Skip to main content

Published on: 18/10/2021

Rural Utility in Burkina Faso

Urban water services are generally provided by utilities. However, utilities are also increasingly providing water services in rural areas. Apologising for the ugliness of the made-up word, Franceys (2019) introduced the concept of ‘utilitisation’ to describe the introduction of utility-managed water supply in rural areas.

We are aware that this trend is not exclusive to low- and middle-income countries, with many high-income countries also having gone or still going through a process of increasing utility involvement in the management of water services in rural areas.

In the period 2015 to 2020, globally the proportion of people in rural areas using safely managed water services, with improved water supply on premises, available when needed and free from contamination, increased from 53% to 60%, while in urban areas it only increased from 85% to 86% (WHO/UNICEF, 2021).

Is the trend of increased utility-managed rural water supplies a positive one? What is driving this development? Is it mostly a controlled or an organic process? What are the factors that hinder or support scaling of utility-managed rural water supply? Are utilities contributing to improving rural water services? What are the challenges related to utility-managed water supply in rural areas? Are strong systems in place that enable utility-managed rural water supply? What can we (IRC and the sector as a whole) do in order to better understand this trend and to support and strengthen utility-managed rural water supply?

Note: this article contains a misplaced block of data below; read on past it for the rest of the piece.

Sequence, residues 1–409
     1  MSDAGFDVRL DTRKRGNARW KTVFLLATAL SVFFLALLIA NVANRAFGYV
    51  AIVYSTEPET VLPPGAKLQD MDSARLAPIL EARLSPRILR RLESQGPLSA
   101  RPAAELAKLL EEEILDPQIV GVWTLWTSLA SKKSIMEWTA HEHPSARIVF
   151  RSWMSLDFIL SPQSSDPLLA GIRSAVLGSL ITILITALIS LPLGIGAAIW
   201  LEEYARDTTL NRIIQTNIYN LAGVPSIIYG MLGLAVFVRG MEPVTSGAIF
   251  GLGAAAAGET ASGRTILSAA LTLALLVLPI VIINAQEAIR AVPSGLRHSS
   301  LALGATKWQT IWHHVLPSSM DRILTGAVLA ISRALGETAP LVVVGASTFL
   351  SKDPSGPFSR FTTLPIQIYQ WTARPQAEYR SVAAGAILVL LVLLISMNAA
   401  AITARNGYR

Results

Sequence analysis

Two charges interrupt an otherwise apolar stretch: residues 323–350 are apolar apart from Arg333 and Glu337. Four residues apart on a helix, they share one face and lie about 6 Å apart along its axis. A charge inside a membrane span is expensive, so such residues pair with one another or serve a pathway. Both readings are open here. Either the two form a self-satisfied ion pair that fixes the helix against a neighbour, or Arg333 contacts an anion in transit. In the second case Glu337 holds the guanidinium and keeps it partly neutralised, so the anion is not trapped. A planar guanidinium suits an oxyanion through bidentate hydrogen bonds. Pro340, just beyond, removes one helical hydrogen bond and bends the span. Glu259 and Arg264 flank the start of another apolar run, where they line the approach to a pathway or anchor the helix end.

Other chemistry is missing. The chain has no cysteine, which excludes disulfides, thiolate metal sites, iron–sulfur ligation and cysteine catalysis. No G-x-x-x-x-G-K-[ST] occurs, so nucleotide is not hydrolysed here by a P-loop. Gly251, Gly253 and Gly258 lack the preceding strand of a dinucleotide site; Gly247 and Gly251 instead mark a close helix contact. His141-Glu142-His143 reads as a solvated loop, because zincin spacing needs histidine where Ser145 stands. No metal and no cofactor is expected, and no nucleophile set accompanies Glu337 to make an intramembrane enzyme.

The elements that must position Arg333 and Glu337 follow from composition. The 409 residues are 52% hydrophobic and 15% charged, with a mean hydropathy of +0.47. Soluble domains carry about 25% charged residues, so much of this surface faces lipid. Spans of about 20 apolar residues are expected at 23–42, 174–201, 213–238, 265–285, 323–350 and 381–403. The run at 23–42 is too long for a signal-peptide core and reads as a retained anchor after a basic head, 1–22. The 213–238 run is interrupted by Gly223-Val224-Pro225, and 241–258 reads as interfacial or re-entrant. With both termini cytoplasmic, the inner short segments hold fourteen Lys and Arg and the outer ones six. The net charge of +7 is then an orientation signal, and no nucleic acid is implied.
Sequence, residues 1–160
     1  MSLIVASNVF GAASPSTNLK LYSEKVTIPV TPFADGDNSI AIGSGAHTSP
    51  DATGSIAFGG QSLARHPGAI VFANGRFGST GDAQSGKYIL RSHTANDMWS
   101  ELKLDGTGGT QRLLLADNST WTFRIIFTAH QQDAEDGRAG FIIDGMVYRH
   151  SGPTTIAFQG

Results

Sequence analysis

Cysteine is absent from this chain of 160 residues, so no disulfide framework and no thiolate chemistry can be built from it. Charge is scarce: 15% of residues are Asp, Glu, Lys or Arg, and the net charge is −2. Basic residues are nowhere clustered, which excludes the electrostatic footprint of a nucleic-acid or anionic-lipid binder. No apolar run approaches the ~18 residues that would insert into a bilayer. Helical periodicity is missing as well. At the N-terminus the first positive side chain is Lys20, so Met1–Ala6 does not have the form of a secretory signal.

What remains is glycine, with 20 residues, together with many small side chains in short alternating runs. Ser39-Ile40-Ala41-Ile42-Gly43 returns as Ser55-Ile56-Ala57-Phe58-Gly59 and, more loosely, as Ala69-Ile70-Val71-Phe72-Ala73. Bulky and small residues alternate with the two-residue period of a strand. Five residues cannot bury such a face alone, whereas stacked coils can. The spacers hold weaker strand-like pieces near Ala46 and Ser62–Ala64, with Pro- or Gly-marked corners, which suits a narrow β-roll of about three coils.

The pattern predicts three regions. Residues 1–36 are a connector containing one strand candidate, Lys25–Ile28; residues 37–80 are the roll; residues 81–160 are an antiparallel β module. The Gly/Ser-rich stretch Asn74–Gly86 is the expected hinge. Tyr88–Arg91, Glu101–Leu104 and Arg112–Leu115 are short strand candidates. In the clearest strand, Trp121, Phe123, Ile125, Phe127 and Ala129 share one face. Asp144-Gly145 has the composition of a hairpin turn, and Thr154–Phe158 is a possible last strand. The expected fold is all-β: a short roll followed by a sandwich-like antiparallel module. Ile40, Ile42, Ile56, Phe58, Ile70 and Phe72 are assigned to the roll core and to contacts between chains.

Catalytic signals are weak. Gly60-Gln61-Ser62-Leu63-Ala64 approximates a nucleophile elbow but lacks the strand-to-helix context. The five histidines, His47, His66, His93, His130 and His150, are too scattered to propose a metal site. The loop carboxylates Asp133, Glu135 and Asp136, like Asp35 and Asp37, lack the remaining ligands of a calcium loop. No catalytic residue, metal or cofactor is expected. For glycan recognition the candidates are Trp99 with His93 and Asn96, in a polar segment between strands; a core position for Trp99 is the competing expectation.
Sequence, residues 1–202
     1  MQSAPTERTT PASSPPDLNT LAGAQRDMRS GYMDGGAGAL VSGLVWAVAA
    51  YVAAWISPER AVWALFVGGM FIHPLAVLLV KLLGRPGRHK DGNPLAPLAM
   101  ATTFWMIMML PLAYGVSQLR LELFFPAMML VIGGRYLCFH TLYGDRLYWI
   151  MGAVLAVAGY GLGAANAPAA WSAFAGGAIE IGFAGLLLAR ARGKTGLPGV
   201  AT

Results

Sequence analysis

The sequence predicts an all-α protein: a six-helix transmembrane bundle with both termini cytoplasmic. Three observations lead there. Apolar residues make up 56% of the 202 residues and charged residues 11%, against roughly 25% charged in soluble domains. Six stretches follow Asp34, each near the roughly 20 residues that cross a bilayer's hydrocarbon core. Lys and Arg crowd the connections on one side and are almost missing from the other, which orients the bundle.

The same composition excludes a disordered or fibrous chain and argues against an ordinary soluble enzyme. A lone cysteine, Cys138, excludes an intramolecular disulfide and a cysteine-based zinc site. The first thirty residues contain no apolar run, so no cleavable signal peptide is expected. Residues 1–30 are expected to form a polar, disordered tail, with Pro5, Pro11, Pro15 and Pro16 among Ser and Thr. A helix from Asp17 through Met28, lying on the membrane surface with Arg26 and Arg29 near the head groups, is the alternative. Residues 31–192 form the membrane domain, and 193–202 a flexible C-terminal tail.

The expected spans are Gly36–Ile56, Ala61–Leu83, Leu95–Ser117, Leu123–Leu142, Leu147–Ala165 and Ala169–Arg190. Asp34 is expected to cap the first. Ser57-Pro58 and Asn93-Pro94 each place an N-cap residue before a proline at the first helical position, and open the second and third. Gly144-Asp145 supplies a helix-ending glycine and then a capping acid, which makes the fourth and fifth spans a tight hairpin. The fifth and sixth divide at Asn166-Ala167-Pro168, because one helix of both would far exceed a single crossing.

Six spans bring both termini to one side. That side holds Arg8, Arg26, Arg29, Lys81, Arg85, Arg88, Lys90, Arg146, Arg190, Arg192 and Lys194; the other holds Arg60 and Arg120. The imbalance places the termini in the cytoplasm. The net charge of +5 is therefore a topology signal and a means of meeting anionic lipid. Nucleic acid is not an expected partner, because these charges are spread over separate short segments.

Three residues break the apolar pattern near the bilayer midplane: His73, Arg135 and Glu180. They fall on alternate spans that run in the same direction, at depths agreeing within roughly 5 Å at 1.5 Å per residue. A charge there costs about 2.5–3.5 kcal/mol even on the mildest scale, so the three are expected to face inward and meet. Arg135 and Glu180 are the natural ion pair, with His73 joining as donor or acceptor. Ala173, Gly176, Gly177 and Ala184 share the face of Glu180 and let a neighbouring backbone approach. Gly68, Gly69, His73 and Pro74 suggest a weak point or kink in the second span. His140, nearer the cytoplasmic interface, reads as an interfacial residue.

The objective of this Thematic Overview Paper is to provide answers to these questions by presenting a common conceptual framework and an overview of practical models and cases of utility-management in rural areas, the processes behind the emergence of these, the factors that drive these processes and the opportunities and challenges they bring. More specifically we:

  • provide an overview of the different forms of utility-managed water services in rural areas, the main trends in their development, and understand the processes that are driving these;
  • assess the strengths and weaknesses of the different models of utility-managed rural water supply and the wider systems (enabling environment) in which they operate and develop; and,
  • define the areas of innovation and support that are needed to support such processes, both at the level of individual utilities, and at the level of the WASH system.

In doing so, the paper aims to catalyse critical reflection and discussion in the sector on models for utility-managed rural water supply and the processes that are driving the development and application of these models, and how these can be strengthened and supported, in order to move towards ensuring safely managed services for all.

Download the Thematic Overview Paper

For the full bibliographical information click on the resource link

Back to
the top